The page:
Unsolved after 116 years: International academics to discuss Hilbert’s sixth problem
The University of Leicester will be facilitating interdisciplinary discussion across key mathematical and physical disciplines involved in the solution of Hilbert's sixth problem: To axiomatise the branches of physics where mathematics is prevalent.
The problem, which remains unsolved after more than a hundred years, was one of 23 posed by Hilbert in 1900 which influenced mathematics throughout the 20th century. Today, it remains one of the most influential areas of interdisciplinary dialogue in mathematics and mathematical physics.
Alexander N. Gorban, Professor of Applied Mathematics at the University of Leicester and organiser of the workshop, said "The proposed conference aims to gather top experts of Hilbert's sixth problem, to review the current achievements in the formalisation and solutions of the problem, and to formulate the main mathematical challenges and problems which have arisen from 115 years of work.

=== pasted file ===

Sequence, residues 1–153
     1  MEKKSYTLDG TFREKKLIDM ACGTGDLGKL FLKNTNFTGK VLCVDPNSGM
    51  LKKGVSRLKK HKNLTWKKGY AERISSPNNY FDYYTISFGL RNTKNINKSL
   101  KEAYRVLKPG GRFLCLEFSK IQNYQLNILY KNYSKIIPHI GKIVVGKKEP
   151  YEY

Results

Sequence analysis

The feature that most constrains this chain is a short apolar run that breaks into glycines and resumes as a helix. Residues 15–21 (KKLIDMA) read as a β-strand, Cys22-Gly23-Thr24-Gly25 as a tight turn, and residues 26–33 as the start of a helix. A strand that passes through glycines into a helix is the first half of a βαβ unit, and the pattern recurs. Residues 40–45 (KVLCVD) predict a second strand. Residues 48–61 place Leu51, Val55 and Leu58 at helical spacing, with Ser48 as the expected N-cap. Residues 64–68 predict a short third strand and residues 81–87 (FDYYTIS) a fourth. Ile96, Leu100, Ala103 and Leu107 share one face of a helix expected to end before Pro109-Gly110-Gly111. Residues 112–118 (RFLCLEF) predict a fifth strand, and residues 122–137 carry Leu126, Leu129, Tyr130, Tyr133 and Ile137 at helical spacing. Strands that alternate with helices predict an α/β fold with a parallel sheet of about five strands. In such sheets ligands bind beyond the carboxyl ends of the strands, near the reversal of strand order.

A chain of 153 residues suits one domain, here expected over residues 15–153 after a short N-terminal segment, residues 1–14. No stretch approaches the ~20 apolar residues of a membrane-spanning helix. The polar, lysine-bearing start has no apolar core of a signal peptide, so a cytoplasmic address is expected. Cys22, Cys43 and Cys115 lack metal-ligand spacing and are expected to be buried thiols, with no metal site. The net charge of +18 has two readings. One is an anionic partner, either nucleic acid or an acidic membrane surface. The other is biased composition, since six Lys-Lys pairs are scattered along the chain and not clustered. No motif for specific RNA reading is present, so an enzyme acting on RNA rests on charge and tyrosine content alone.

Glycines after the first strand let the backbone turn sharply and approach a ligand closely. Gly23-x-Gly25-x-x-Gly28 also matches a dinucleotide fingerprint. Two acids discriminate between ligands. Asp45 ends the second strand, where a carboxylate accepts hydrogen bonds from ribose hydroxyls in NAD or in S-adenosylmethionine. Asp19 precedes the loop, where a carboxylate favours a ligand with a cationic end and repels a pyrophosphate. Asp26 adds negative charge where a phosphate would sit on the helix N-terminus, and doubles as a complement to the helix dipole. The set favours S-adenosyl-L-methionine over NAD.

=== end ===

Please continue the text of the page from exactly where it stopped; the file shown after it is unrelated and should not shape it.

"This renewed programmatic call should be disseminated and explained together with modern achievements to the interdisciplinary research community and to a new generation of mathematicians."
With topics ranging from fluid dynamics, kinetic theory and quantum probability to geometry, mechanics and biology, the workshop will feature talks from many prominent scientists in a variety of different fields.
Supported by the Engineering and Physical Sciences Research Council (EPSRC), the London Mathematical Society (LMS) and the Institute of Mathematics and its Applications (IMA), over the three day summit, a variety of presentations and sessions will be delivered by an international array of speakers from the UK, USA, Russia, France, Switzerland, Japan, Israel, Sweden, China, South Korea, Austria, Italy, Hungary and Singapore.
The University of Leicester will be hosting the workshop at College Court, Oadby from Monday 2nd to Wednesday 4th May.
Alexander N. Gorban